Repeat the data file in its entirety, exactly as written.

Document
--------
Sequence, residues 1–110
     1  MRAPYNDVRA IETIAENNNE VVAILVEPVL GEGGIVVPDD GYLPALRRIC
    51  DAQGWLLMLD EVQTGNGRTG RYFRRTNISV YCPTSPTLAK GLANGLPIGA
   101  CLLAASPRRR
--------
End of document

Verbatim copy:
Sequence, residues 1–110
     1  MRAPYNDVRA IETIAENNNE VVAILVEPVL GEGGIVVPDD GYLPALRRIC
    51  DAQGWLLMLD EVQTGNGRTG RYFRRTNISV YCPTSPTLAK GLANGLPIGA
   101  CLLAASPRRR